Personnel: Henry Threadgill (flute, alto saxophone); Liberty Ellman (guitar); Jose Davila (trombone, tuba); Stomu Takeishi (bass guitar); Elliot Humberto Kavee (drums).
Audio Mixer: Liberty Ellman.
Recording information: 4D, Brooklyn, NY (11/2008).
There are two main reasons that Henry Threadgill's second Zooid project, This Brings Us To, Vol. II sounds like a rather mercurial mirror image of its 2009 predecessor. The first is that both albums were recorded during the same sessions in 2008. The second is the aesthetic involved in its approach to composition versus improvisation. With this band -- guitarist Liberty Ellman, Jose Davila on trombone and tuba, bassist Stomu Takeishi, and drummer Elliot Humberto Kavee -- Threadgill's structural emphasis relies heavily on intervallic investigation rather than harmonic cartography. Unlike his works with the Very Very Orchestra, these five tunes, like those on Vol. I, are decidedly not dynamic; they are developmental in increments. Basic melodies are hinted at simultaneously by all players in the improvisations around them. From the description, this may read like chaos. Not so. The restraint that Threadgill impresses upon his collaborators is akin to that used on his Novus recordings, or more maximal examples which he employed during his Air years. His rhythm section has a free rein, though they restrain their force; Kavee is a syncopation detective, he seeks it out everywhere at once as Takeishi's bass pulls back against the crackling breaks and skittering beats to formulate something approaching a groove. Ellman's guitar touches on key changes and dynamic shifts, where Davila on either -- or sometimes both -- of his instruments lays down a frame for Threadgill to enter on with his alto or flute. Most tunes follow this formula, with the band creating a fluid gel that Threadgill steps into, most notably on "Lying Eyes" and "Extremely Sweet William," though it diverges on the spacious "Polymorph," where all expectations are erased in. With all of the space and non-directness in this approach to ensemble playing, there isn't anything remotely academic about this recording, or its predecessor. Given how foreign its initial construction may seem, it can take a listen or two to fully enter it as a participant, but this music is so lyrical, so full of life, humor, and startling originality, that it's impossible not to get sucked in. The music Zooid creates has the subtlety and lyricism of fine poetry. Given Threadgill's reputation as a musical polymath, this shouldn't be a surprise, because, as evidenced here, in his own way he is reinventing jazz from the inside out. ~ Thom Jurek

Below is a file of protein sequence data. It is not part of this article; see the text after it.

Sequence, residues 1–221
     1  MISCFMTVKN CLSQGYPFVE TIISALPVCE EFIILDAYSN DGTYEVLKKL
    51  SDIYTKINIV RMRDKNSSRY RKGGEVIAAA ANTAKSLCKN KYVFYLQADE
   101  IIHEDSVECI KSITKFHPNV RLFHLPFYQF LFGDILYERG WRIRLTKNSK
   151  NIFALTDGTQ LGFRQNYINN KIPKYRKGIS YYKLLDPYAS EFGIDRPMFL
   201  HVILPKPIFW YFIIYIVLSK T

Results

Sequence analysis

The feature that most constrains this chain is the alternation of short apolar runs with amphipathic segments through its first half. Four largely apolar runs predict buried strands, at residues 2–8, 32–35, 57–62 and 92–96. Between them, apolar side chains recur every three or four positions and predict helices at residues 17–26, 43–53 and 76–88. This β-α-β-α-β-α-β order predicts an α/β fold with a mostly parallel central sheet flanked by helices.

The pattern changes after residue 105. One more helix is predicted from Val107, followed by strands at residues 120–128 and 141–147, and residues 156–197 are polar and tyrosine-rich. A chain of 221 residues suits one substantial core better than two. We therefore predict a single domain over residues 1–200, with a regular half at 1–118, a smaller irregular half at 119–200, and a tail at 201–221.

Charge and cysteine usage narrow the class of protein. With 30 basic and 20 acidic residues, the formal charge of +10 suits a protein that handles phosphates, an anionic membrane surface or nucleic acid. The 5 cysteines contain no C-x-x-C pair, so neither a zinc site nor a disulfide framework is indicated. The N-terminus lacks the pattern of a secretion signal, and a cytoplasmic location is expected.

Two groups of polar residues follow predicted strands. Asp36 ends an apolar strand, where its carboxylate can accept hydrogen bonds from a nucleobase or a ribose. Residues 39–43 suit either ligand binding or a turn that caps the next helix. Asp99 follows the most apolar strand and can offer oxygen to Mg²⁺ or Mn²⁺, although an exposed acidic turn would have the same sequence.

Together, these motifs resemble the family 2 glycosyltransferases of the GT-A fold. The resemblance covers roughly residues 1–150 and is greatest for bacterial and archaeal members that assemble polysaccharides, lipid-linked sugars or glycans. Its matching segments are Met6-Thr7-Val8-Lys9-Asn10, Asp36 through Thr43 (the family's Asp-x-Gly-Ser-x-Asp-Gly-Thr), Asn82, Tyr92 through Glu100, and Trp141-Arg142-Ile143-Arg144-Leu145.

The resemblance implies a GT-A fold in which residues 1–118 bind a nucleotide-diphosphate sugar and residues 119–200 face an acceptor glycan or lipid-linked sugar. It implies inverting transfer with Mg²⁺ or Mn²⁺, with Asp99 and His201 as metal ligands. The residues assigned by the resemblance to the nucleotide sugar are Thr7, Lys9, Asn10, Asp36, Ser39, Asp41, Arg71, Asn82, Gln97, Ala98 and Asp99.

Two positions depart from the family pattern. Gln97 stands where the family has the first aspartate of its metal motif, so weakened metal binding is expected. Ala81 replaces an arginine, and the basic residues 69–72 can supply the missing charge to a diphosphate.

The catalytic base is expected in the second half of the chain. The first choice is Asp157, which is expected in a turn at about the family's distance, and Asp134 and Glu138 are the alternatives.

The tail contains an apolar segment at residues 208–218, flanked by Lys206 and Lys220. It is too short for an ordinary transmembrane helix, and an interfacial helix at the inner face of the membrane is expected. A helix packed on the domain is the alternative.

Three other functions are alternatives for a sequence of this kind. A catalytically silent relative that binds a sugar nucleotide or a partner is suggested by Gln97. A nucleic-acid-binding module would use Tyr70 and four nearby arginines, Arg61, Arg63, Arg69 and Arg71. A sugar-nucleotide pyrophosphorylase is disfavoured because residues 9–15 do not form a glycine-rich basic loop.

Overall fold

Down Beat (p.83) - 3.5 stars out of 5 -- "The sound is busy, and yet full of space; the players' exchanges convoluted and conversational, yet absolutely purposeful."
JazzTimes (p.65) - "[T]he music pulls you in, and pulls you along, with its strikingly blended voices, exotic Asian and Middle Eastern feel and funkish elements."